Hukilau nets lunch crowd with few options
As many restaurants and eateries as there are downtown, there's always interest in what's new. The latest talk has turned to Hukilau Honolulu, as readers have been sharing their views on the new restaurant and sports bar. Among them:
Executive Centre, 1088 Bishop St. / 523-3460
Hours: Breakfast 6:30 to 10:30 a.m., lunch 11 a.m. to 2 p.m., dinner from 6 to 9 p.m. weekdays. Huki Hour 4 to 6 p.m. and dinner 6 to 9 p.m. Saturdays.
Prices: $10 to $15 per person for lunch; dinner for two $40 to $50
"I plan to go again when I need another hamburger fix. The only thing is that the Hukilau is not your everyday lunch place because of the prices. However, their breakfast menu looks terrific and reasonable, so I'll be there soon again." -- Myra
"Went to Hukilau yesterday. The food is amateurish. With respect to ambience, it's too Waikiki (and the restaurant is not even in Waikiki!). ... Oh well." -- Warren
My own one-line e-mail review to one curious reader said: "It's OK for lunch, sort of cafeterialike tho'. But a no for dinner, unless you just want heavy pau-hana pupu."
I REMAIN a little confused by the concept. My thought process is pretty linear, so I was thinking, "Executive Centre equals executive food."
A lunch companion similarly thought, "Hukilau equals Hawaiian food."
Neither of us was correct. Executive Centre is also a hotel, thus the tiki theme that creates an airport-lounge ambience. Generally, the only time I'd be caught eating in a place like this is when I'm an airport captive. The retro theme can be charming, but I feel a little embarrassed that this is the image being presented to business travelers likely to be more interested in a city that looks forward.
Maybe the sports bar idea will catch on; it's hard to tell in the dead of summer, but as one sports fan I know noted, "Putting up a couple of TV screens and dart games doesn't make it a sports bar; the fans decide where they want to go."
I think a gimmick was needed at night, because the food itself is not much of a draw.
JAMM AQUINO / JAQUINO@STARBULLETIN.COM
Hukilau Honolulu, in the lobby of the Executive Centre on Bishop Street, caters to a busy lunch crowd.
HUKILAU DOES fill an important niche at lunch time. Considering the vast number of people who work in the area, there are few places where worker bees can enjoy a reasonably priced sit-down lunch. Most downtown eateries are geared toward the grab-and-run lunch, and that works on most days, but sometimes a leisurely change of pace is nice.
Hukilau hits the right spots at lunch with such heavy-duty crowd pleasers as a prime rib melt ($8.95) and a half-pound Kobe burger ($9.95) topped with about a quarter of an avocado (like Kua 'Aina's avocado burger), slices of bacon, fried onions and chipotle aioli, in addition to the usual lettuce and tomato. Ask for it cooked rare and you stand a chance of getting it at medium doneness.
The deep-fried katsu treatment given a portobello mushroom sandwich ($8.50) defeats the purpose of having a healthful burger alternative, and it's topped with Brie to boot, but it is tasty with its sun-dried tomato dressing. A heavy layer of juicy grilled onions, and roasted peppers likely out of a jar, watered down the crisp katsu effect, but it was bound to get mushed up in your opu anyway.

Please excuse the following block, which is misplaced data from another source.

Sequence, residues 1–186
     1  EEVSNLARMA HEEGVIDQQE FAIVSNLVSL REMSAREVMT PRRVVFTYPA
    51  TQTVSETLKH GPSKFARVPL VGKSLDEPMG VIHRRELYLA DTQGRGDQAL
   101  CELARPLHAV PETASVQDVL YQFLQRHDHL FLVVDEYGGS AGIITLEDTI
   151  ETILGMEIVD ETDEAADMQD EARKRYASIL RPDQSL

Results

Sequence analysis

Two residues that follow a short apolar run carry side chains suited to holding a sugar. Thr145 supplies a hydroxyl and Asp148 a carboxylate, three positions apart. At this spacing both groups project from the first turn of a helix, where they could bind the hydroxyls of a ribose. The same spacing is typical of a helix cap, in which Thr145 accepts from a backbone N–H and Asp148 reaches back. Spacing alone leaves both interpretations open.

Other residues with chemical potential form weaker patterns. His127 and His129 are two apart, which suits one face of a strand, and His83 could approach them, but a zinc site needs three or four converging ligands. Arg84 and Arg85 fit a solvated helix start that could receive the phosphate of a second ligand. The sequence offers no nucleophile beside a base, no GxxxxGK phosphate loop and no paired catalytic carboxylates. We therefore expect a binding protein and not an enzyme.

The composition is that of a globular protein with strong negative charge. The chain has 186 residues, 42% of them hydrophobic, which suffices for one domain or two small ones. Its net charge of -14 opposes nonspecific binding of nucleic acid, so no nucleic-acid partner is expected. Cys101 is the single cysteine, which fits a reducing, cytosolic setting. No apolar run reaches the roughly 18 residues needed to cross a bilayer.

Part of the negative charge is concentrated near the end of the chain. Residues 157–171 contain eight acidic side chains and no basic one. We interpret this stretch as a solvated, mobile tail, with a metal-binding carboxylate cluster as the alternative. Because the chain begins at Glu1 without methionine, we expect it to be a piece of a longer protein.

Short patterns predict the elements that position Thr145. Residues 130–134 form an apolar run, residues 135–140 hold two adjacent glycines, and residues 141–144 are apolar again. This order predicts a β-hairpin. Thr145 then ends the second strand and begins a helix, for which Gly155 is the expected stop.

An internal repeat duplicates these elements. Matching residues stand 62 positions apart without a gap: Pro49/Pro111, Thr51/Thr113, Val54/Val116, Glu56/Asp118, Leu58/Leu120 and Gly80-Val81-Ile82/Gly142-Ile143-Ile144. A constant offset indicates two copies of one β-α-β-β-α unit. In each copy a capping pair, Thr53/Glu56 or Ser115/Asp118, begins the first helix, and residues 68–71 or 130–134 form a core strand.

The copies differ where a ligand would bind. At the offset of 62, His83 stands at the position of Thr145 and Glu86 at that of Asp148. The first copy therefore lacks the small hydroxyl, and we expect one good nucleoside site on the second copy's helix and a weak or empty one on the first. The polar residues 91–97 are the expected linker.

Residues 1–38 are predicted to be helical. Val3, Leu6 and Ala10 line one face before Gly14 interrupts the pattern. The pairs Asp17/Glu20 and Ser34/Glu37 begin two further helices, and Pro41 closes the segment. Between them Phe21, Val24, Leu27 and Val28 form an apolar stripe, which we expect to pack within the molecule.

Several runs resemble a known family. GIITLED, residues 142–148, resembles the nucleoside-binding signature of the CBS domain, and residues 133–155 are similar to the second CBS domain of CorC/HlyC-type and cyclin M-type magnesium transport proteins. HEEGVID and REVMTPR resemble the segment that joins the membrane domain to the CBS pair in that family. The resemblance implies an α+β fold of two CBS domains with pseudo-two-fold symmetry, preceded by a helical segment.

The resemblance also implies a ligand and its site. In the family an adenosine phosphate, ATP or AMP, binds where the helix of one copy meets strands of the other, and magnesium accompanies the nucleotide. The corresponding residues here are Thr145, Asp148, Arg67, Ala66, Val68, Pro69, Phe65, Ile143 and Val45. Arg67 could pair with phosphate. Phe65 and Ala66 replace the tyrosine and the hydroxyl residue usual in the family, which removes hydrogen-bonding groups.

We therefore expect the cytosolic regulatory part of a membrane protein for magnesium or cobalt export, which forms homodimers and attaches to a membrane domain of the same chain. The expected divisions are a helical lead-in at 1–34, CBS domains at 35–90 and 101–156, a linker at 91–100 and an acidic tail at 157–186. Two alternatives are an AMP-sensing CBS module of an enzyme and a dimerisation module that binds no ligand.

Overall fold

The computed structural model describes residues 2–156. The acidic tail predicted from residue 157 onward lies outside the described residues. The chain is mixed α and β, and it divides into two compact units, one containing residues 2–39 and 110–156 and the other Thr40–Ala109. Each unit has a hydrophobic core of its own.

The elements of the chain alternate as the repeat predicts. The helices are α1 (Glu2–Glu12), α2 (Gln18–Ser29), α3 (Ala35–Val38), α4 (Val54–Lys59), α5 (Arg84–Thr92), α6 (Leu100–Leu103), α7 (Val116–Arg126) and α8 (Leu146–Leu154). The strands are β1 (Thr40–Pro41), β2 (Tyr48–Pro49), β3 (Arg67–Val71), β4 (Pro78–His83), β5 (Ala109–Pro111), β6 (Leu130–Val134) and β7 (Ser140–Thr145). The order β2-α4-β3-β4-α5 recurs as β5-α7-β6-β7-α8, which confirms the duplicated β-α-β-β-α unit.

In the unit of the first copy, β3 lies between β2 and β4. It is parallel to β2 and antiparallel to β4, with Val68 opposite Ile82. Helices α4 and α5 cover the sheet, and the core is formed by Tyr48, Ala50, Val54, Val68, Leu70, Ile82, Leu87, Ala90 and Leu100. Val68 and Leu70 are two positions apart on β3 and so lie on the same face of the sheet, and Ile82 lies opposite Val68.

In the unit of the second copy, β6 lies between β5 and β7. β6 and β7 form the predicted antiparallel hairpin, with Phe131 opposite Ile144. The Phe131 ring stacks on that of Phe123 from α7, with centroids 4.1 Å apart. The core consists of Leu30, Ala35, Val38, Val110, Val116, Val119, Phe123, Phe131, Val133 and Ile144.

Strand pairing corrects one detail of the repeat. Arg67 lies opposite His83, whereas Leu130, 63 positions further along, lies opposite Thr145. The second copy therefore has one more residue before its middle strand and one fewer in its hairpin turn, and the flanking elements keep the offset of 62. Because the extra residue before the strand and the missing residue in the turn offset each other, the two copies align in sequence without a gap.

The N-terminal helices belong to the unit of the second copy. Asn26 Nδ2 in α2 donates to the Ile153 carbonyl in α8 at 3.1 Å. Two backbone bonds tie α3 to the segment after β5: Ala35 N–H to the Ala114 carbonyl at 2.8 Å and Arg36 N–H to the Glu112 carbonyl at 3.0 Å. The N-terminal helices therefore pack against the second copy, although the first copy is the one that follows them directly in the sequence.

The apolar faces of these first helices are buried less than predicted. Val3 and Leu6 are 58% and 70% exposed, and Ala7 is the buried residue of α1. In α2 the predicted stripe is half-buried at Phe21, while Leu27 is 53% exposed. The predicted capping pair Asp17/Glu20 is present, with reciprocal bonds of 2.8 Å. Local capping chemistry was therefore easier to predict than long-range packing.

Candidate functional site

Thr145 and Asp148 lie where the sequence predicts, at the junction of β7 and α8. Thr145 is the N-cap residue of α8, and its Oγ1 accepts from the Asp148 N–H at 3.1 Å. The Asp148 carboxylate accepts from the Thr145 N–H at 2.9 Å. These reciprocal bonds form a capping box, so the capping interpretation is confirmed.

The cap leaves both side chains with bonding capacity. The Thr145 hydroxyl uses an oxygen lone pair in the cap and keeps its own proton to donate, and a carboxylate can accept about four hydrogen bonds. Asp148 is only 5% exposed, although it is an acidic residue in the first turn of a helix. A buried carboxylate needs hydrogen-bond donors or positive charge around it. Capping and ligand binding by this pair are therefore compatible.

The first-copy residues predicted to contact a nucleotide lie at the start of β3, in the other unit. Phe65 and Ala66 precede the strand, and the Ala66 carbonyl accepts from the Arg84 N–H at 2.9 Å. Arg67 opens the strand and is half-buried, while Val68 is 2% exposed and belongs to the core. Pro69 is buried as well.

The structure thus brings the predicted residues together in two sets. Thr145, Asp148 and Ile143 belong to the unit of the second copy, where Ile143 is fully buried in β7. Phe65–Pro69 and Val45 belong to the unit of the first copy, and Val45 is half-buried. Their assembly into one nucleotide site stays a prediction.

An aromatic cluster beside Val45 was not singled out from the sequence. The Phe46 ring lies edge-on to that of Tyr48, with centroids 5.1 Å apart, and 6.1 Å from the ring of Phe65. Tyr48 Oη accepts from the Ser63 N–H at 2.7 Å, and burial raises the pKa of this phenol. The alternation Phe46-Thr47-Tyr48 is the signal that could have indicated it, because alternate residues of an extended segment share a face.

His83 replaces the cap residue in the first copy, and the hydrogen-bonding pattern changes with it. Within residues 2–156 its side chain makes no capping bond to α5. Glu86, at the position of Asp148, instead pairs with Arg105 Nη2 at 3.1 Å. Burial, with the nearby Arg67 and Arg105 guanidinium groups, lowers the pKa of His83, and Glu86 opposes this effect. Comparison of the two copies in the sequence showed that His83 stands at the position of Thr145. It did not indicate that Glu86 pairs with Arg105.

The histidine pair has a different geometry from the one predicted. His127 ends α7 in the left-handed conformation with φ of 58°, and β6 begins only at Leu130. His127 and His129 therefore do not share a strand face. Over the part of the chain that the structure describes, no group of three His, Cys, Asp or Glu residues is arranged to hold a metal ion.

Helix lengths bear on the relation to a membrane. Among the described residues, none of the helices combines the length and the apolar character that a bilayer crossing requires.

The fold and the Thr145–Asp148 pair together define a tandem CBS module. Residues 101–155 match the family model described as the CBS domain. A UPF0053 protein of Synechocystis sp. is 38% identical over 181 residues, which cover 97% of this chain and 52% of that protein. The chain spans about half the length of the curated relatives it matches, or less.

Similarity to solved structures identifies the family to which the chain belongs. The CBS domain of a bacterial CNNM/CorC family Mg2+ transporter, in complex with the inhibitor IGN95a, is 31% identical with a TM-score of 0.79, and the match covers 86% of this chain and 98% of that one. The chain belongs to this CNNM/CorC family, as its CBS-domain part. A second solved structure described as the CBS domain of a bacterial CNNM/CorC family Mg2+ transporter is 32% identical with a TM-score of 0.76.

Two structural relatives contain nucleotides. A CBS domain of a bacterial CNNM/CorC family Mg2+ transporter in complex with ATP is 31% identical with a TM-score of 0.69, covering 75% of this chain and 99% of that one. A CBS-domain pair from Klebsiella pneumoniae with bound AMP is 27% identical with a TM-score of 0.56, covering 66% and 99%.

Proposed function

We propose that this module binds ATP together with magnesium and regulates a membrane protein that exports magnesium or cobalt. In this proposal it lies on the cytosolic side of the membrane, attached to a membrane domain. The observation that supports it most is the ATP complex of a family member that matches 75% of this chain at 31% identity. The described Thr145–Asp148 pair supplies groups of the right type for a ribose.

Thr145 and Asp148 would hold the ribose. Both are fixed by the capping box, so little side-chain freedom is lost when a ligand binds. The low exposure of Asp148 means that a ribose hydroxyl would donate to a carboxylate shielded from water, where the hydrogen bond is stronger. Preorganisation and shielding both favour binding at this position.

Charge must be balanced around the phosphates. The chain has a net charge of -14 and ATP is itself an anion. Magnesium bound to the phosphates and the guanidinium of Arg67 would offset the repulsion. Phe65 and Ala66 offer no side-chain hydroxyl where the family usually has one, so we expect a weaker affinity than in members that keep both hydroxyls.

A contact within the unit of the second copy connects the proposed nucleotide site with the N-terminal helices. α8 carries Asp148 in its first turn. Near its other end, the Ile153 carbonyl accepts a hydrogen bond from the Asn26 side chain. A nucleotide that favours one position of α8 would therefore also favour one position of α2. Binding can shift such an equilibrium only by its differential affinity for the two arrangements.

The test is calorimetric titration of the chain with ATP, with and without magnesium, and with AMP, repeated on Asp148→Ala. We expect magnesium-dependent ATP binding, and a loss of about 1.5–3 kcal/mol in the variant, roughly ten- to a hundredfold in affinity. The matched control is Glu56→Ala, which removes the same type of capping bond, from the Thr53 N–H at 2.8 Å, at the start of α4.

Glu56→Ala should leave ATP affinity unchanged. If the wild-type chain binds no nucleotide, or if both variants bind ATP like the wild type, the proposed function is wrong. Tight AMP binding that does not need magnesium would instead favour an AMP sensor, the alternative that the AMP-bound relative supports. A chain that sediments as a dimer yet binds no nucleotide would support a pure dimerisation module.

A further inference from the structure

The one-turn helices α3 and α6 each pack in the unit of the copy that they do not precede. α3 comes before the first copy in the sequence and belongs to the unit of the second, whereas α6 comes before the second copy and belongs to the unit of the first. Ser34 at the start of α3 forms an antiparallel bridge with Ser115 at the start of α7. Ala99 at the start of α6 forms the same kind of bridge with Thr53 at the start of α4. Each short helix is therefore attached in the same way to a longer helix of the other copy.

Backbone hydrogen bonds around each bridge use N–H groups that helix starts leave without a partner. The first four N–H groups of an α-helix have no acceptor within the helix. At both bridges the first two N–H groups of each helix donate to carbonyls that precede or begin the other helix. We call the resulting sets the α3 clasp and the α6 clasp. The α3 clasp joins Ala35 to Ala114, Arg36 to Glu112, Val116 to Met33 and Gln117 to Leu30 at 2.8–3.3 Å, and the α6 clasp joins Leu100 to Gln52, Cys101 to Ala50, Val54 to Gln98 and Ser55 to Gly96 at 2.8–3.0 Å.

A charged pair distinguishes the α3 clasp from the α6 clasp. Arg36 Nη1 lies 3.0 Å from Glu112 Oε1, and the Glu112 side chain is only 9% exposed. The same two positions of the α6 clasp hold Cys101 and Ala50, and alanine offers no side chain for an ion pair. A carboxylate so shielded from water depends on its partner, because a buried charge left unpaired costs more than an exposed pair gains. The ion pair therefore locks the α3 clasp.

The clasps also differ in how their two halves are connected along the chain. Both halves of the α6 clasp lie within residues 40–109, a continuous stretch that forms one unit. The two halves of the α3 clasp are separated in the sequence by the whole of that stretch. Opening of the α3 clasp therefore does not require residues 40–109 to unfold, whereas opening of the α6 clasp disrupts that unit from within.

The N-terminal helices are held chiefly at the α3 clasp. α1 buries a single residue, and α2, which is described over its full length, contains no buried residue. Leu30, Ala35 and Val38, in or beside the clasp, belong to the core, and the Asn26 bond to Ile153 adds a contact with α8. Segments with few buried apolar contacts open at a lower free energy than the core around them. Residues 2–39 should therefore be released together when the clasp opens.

Entrees are $9.95 to $14.95, and a shiitake and Boursin-stuffed chicken breast with a deep-fried crust and truffle kabayaki butter sauce seems like a deal at $9.95. In comparison, I couldn't understand why a stir-fried dish of duck and tiger prawn chow mein was $12.95, when the amount of duck and shrimpy shrimp was negligible. The shrimp was split in half to make less look like more.
Presentation is lackluster, pure cafeteria or sports bar on stark white plates, but at prices of about $7.50 for salads, $8.50 to $9.95 for sandwiches, most people wouldn't care that some of the produce looks wilted.
It's at night that the incongruity can't be missed -- more bar than restaurant, with some prices set at levels associated with finer dining rooms. Fire-roasted rib-eye ($21.95) didn't disappoint, but for the price, I expect better than 1970s-style presentation of a dollop of mashed potatoes and four stalks of asparagus. Similarly, blue crab cioppino, $23.95, arrived in a shallow dish three times too small, such that the seafood rose above the soup, making it look like muddy sludge. On top of that, the broth tasted like old fish.
It's best to stick to the appetizers, although these are not fail-safe either. Ahi-avocado poke ($8.95) should be a no-brainer, but not when the avocado is also old. Granted, they don't make the avocado, but they should show a little respect toward patrons and know when it's too brown and mushy to serve.
A Huki-Wing Platter ($11.95) comes with mix-and-match options of buffalo wings, habanero-mango BBQ wings or garlic wings with ko chu jang sauce. Heavy duty stuff. The Buffalo wings are a ringer for those served at The Shack, but the blue cheese buttermilk dressing never materialized.
They'd probably be better off using the lunch menu at night.
One last note for other would-be restaurateurs: It should be obvious by now, but there is a LOT of competition for diners' dollars and the economy is not getting better anytime soon. Unless you're prepared to put something out there that's BETTER or DIFFERENT, don't bother. I would love to have good things to say about every restaurant, but you have to meet me halfway.